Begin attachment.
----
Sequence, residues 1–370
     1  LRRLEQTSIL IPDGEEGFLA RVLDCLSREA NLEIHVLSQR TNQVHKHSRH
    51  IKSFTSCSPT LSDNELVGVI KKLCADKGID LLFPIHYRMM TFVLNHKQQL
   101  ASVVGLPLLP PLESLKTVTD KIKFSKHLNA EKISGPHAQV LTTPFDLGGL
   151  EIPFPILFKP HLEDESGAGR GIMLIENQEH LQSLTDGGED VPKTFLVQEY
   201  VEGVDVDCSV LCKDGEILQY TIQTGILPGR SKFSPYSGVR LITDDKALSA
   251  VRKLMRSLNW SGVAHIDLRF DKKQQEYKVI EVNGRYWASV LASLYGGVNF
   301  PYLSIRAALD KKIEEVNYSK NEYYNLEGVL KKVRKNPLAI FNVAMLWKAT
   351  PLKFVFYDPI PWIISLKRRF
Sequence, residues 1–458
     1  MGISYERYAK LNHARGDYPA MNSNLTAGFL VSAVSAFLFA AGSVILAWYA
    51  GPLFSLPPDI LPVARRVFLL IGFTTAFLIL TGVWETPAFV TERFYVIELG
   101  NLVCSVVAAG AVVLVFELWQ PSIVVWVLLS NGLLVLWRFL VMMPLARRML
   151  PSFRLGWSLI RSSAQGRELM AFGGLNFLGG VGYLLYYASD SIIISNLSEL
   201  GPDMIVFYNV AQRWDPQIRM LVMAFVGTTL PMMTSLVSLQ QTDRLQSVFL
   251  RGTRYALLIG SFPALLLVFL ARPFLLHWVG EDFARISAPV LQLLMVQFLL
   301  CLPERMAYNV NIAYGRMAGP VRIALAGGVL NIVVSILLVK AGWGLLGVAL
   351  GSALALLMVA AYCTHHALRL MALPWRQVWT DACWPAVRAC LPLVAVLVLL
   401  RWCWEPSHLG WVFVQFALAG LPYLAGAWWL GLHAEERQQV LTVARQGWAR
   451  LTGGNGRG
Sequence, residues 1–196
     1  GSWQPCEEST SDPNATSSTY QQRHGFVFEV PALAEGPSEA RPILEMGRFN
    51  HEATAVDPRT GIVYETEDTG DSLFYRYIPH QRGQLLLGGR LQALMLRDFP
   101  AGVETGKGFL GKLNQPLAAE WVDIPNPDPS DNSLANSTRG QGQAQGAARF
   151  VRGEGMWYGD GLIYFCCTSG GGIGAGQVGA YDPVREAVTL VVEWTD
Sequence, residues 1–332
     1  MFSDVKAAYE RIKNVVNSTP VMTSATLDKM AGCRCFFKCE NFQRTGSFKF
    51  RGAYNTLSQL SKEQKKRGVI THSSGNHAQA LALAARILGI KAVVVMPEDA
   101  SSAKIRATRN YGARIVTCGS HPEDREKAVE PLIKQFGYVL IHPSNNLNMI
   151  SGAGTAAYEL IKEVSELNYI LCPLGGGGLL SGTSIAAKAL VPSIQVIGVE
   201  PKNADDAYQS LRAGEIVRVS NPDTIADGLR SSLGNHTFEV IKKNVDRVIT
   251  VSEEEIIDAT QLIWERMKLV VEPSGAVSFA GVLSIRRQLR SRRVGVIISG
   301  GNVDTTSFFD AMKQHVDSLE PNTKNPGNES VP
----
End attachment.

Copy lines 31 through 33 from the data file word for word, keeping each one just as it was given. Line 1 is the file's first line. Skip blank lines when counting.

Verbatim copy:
   201  PKNADDAYQS LRAGEIVRVS NPDTIADGLR SSLGNHTFEV IKKNVDRVIT
   251  VSEEEIIDAT QLIWERMKLV VEPSGAVSFA GVLSIRRQLR SRRVGVIISG
   301  GNVDTTSFFD AMKQHVDSLE PNTKNPGNES VP